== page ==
Assistant Director of Nursing Yvonne Young delivers the vaccine to her mom, Rene Crofton, a dialysis patient at UHL, watched by staff nurse Leonson Luckachan
A LEADING Limerick clinician is marking World Kidney Day this Thursday with an appeal for everyone to continue to play their part in suppressing Covid-19 by getting the vaccine as soon as it is available to them.
Dr Liam Casserly, Lead Nephrologist in the Department of Renal Medicine at University Hospital Limerick was speaking on behalf of the chronic kidney disease patients he has treated at the hospital for the past 25 years, who are part of the population that are most vulnerable to the effects of the highly infectious coronavirus.
He was speaking within days of the Government’s announcement that kidney patients, including dialysis and transplant patients, as well as other immunosuppressed patients and those with advanced kidney disease, have been moved up to Phase 4 in the adult immunisation schedule for Covid-19.
“This is great news for our patients,” said Dr Casserly, who is delighted with the response from dialysis patients so far to calls for vaccination. There has been no hesitation in opting for the inoculation, Dr Casserly reported.
UL Hospitals Group vaccination teams on Tuesday began administering the first doses of the vaccine to kidney patients in the clinical setting of Group’s satellite haemodialysis clinic, at the Fresenius Medical Care Centre on Limerick’s Dock Road.
For kidney patients who have been cocooning for the duration of the Covid-19 pandemic, the Government’s reprioritisation announcement has been a particularly welcome breakthrough on the first anniversary of the detection of the first cases of the coronavirus in the Mid-West.
On #WorldKidneyDay, Dr Liam Casserly, Lead Clinical Nephrologist, University Hospital Limerick encourages patients to 'play your part in this phase of the pandemic and get the vaccine when it becomes available."@IrishKidneyAs | @worldkidneyday | @HSELive | @casserly_liam pic.twitter.com/hMt7IXLM0I— UL Hospitals (@ULHospitals) March 11, 2021
Dr Casserly paid tribute to the efforts of society as a whole in the Mid-West, and the sacrifices they have made to help break the transmission of the disease, in particular during the pandemic’s most challenging surge phases.
He added that opting to receive the vaccine is another vital contribution towards protecting ourselves and those we love from Covid-19, especially the most vulnerable people in the community such as his patients at University Hospital Limerick.
“We’re just coming through the third surge of the Covid-19 pandemic, and once again, the numbers have fallen, thanks to people’s adherence to public health guidelines. Nevertheless, it’s been very clear that the third surge has had a particularly severe impact on kidney patients in Limerick and nationally,” Dr Casserly added.
“It’s great news that kidney patients have been moved up in the immunisation schedule, and I’m delighted to report that so far there has been a unanimously positive response by patients to the calls for vaccination. I think it now falls on all of us in the time ahead to once again play our part in the pandemic, by getting the vaccine when it becomes available,” he said.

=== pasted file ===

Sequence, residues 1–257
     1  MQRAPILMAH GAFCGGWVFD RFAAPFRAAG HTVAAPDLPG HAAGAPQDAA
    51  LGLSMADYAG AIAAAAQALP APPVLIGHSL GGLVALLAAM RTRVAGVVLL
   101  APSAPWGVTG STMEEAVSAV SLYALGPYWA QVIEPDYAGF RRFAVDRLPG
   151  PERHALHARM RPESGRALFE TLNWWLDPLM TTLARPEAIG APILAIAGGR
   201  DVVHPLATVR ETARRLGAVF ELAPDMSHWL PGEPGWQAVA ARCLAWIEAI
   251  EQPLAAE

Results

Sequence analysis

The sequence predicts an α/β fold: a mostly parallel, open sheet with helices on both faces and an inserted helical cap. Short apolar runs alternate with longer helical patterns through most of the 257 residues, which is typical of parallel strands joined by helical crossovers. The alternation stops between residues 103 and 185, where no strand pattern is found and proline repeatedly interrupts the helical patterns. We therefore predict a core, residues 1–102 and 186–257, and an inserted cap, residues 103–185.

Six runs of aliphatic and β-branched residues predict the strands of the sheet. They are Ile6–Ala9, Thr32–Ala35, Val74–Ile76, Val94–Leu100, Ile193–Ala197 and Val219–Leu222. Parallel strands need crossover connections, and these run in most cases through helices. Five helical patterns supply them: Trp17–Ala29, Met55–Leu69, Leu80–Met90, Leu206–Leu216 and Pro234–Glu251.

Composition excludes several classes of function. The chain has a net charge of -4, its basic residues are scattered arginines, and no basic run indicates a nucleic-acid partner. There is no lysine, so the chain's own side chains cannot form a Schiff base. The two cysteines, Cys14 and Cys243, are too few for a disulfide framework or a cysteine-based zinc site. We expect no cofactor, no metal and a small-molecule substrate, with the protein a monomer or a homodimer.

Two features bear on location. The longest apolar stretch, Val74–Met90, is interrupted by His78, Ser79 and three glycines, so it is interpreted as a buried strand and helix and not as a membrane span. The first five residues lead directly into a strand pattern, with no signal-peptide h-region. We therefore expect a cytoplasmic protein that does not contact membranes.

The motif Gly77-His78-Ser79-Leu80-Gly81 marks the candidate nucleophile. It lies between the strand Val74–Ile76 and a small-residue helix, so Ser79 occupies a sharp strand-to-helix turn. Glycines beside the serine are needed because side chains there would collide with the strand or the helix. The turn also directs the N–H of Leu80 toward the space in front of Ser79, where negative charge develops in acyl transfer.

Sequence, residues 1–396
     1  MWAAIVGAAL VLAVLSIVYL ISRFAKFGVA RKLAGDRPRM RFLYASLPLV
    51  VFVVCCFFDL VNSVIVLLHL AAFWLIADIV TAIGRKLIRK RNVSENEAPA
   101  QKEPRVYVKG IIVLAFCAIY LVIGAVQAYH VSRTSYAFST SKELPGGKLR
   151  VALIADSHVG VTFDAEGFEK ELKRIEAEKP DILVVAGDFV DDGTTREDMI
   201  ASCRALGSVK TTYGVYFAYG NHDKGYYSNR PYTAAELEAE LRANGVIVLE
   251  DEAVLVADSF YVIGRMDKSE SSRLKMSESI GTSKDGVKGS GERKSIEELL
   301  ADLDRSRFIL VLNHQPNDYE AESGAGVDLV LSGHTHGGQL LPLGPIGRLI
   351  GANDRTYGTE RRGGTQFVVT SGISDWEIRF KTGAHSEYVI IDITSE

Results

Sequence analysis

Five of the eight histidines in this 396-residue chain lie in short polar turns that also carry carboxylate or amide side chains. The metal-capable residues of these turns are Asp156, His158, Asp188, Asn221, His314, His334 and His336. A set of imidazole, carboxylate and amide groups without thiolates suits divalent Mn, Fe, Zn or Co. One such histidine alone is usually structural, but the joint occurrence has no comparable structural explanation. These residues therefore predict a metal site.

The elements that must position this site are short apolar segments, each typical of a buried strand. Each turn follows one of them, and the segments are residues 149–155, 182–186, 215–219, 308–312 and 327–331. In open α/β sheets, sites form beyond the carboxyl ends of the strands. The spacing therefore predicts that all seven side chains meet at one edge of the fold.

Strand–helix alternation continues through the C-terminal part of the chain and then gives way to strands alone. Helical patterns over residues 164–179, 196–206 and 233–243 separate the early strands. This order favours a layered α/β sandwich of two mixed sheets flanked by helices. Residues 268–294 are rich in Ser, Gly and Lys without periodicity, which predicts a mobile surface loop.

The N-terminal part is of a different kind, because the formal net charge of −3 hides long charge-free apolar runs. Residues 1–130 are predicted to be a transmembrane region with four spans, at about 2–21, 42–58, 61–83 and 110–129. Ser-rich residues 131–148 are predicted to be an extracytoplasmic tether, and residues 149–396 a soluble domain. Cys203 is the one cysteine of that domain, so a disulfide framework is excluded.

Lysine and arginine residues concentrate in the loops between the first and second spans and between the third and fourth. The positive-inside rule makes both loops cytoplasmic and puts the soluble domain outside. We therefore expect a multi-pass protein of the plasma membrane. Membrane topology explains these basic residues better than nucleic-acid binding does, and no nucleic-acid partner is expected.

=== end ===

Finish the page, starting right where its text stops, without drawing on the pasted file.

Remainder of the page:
Dr Casserly stated: “Keeping that in mind today, and being prepared to receive the vaccine when it becomes available, would be the best World Kidney Day gift you could give to any of the vulnerable patients in our department.”
Nationally, kidney disease affects 10% of the population, and is caused by diabetes, high blood pressure, nephritis or inherited disease. It impairs the functions of the kidneys, including their ability to cleanse 180-litres of blood in the average human body every day, control blood pressure, produce hormones to regulate haemoglobin levels and Vitamin D, and stimulate production of oxygen-carrying red blood cells.
The most effective treatment for chronic kidney disease is transplantation, but due to the average wait times of 2-4 years, the best option is dialysis, whether haemodialysis (by which the patient’s blood is filtered and cleansed via external machine) or peritoneal dialysis (a process involving the extraction of excess water and waste products from the blood internally, via the peritoneal membrane).
While treatments in-centre at UHL and its Fresenius satellite clinic are running at approximately 17,500 per annum, the logistical demands are formidable, requiring at least three weekly visits lasting up to four hours per visit. More patients are experiencing the benefits of dialysis treatment at home.
During the pandemic, the benefits of home-based dialysis have become clearer than ever, and Dr Casserly and his colleagues continue to encourage it.
“The pandemic has been challenging, but patients undertaking their treatment at home have been better able to protect themselves from the risks of Covid-19. It’s just one advantage of home-based dialysis. It’s certainly not a primary reason to opt for it, but it’s a particularly clear benefit, and, as I’ve said previously, it brings fresh meaning to the phrase, ‘No place like home’,” Dr Casserly concluded.
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